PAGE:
A Daytona 500 victory brought career significance to Denny Hamlin, who scored the biggest win of his life in a record closest finish of NASCAR’s signature event.
But it also has brought an unexpectedly necessary measure of championship security, too.
With only four top 10s in 11 races, Hamlin ranks 13th in the points standings but is virtually guaranteed to make the playoffs via the Daytona victory that clinched a provisional berth in the Chase for the Sprint Cup. Of the 16-driver field for the 10-race playoffs, only six spots have been secured through wins through the first 11 of 26 regular season races.
“I’d be nervous (without the win),” the Joe Gibbs Racing driver said last week. “I think in the long run, essentially so many cars are in the Chase now, you have to just be mediocre and not terrible to make the Chase. I feel pretty confident that we can get there no matter what, but it is comforting knowing we got the win.
“I thought it would be more seamless. I came off Daytona, ran top five a few times with a chance to win and thought, ‘Oh this is going to be cake. We’re going to be a home run.’ ”
After Daytona, Hamlin led 10 laps at Las Vegas Motor Speedway and finished third at Phoenix International Raceway and Auto Club Speedway. But he has only one top 10 (sixth at Richmond International Raceway) in the past six races.
“I think we’re starting to see some communication lapses,” he said. “We’re working on it, though. I think every week is getting better, but we’re still seeing these unknown situations pop up where we’re like, ‘What do we do?’ It’s just part of it.”
A 37th place finish in Saturday’s Sprint Cup race at Kansas Speedway was a microcosm of the turbulent start to Hamlin’s first season with crew chief Mike “Wheels” Wheeler, who moved into NASCAR’s premier series after four wins in the Xfinity Series last year.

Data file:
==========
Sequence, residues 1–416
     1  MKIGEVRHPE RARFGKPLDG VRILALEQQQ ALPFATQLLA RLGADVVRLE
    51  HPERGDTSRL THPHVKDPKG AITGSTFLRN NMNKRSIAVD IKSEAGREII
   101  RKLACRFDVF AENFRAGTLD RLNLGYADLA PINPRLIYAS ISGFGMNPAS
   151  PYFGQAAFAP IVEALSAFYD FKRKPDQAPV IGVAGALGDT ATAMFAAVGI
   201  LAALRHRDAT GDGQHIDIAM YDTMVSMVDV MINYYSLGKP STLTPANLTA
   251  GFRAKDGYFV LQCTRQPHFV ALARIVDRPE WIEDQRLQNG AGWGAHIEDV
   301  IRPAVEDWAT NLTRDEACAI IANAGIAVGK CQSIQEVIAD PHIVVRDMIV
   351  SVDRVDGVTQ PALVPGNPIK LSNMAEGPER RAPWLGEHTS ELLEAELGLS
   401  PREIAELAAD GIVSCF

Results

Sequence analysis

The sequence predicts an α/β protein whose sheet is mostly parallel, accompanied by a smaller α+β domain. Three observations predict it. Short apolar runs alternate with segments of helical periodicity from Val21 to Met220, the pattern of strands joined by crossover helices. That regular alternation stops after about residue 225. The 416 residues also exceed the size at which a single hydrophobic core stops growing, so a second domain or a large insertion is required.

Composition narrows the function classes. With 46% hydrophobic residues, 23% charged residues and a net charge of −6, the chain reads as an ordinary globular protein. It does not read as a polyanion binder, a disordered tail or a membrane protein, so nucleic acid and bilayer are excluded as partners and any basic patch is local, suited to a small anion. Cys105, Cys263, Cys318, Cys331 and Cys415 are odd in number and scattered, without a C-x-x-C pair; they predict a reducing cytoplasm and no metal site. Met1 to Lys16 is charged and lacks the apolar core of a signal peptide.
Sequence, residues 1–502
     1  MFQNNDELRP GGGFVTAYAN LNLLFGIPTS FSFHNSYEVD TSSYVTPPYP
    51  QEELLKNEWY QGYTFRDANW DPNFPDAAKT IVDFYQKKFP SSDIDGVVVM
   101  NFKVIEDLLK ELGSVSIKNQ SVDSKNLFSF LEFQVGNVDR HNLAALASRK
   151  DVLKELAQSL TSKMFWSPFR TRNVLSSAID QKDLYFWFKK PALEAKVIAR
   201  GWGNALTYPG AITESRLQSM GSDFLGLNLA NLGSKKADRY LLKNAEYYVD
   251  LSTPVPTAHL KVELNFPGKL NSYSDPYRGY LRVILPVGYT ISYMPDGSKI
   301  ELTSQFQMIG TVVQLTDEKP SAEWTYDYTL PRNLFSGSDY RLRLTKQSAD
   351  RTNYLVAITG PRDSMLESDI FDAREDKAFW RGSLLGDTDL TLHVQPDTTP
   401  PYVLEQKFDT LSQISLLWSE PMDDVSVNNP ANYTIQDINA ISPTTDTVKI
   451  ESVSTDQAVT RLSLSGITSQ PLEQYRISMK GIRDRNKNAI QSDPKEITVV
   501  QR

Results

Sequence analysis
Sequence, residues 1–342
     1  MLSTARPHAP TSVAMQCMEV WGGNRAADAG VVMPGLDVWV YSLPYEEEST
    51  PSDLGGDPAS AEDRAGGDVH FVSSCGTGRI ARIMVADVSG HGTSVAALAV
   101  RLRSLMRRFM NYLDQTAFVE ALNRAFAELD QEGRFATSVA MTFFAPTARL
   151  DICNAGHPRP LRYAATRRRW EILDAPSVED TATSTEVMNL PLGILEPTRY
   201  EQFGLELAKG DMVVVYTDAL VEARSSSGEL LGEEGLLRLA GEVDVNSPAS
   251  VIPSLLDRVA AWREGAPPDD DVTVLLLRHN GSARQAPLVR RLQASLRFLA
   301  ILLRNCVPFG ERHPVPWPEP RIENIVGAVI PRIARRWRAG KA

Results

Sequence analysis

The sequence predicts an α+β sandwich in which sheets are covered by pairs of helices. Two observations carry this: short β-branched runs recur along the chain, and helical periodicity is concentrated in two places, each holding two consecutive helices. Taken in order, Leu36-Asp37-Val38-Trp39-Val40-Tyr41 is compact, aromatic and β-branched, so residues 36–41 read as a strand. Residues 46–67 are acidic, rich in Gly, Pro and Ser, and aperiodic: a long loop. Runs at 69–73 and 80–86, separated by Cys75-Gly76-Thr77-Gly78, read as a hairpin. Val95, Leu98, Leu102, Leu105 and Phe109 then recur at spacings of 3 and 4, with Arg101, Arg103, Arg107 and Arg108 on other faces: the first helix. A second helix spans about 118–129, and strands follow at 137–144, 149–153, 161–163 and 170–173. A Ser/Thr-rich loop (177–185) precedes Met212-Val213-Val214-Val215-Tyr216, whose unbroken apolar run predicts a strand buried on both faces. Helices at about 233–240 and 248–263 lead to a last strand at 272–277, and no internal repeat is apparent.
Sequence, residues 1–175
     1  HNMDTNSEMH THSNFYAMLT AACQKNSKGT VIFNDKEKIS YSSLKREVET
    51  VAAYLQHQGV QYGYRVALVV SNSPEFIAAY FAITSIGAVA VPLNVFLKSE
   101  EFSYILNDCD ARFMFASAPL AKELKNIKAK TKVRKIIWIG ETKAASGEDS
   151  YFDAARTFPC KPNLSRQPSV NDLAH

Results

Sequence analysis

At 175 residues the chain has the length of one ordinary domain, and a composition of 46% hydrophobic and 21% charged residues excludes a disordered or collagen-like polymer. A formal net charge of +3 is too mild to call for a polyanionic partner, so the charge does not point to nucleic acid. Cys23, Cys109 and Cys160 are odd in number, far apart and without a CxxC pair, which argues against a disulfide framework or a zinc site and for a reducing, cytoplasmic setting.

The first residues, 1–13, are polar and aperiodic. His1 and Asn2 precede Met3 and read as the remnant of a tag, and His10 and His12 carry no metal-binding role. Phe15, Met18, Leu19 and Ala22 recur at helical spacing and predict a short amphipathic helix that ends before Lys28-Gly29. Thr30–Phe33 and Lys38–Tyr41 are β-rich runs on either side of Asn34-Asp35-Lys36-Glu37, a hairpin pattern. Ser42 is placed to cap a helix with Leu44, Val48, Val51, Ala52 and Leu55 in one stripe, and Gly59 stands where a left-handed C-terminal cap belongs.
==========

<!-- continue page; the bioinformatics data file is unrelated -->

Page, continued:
Hamlin’s No. 11 Toyota was clocked as too fast twice in the pits (bringing his series-high total to six speeding penalties in 2016). The Joe Gibbs Racing driver had rebounded to contend for a top five before crashing on an aggressive pass with 26 laps remaining.
He at least exhibited speed on the 1.5-mile oval, where he also qualified third Friday. His Camry hadn’t been keeping pace as well lately with teammates Kyle Busch, Carl Edwards and Matt Kenseth.
“We definitely haven’t run as good” since Daytona, Hamlin said May 2 during an event for team sponsor Hisense. “We’re having growing pains right now for sure. I think a lot of it is Wheels’ new role (and) communicating with (spotter) Chris Lambert and myself.”
During a 31st at Talladega Superspeedway, Hamlin took the blame for “a communication glitch” that led to a pit miscue.
“I didn’t process the information I was getting from them,” he said. “I think it’s just new, and I’ve had a lot of issues on pit road this year.”
Hamlin also was caught for speeding entering the pits at Martinsville Speedway, and he finished 39th after “wheel-hopping” his car and crashing while pushing to regain spots.
“I’ve made some mistakes on races like Martinsville where I definitely feel like I could have won,” he said. “We’ve had some decent runs, but we haven’t been as strong as some of our teammates, but I think it’s coming. I feel like it’s just taking me and Wheels some time to get on the same page on some things. I’m confident.”
Hamlin, 35, has proclaimed Wheeler, a longtime engineer on his No. 11, as the last crew chief of his NASCAR career, and he reaffirmed his faith in the pairing while mulling his season on the trip home from Talladega.
“I was thinking, ‘This is just part of our process,’ and we’re going to look back on this probably a year from now and say, ‘Man, we weren’t very good at all (in) early ’16, but we got it together,’ ” he said. “So I’m pretty sure we’ll get it all figured out.
“The cool thing for us is we won the Daytona 500, and we have the entire summer to work out these kinks.”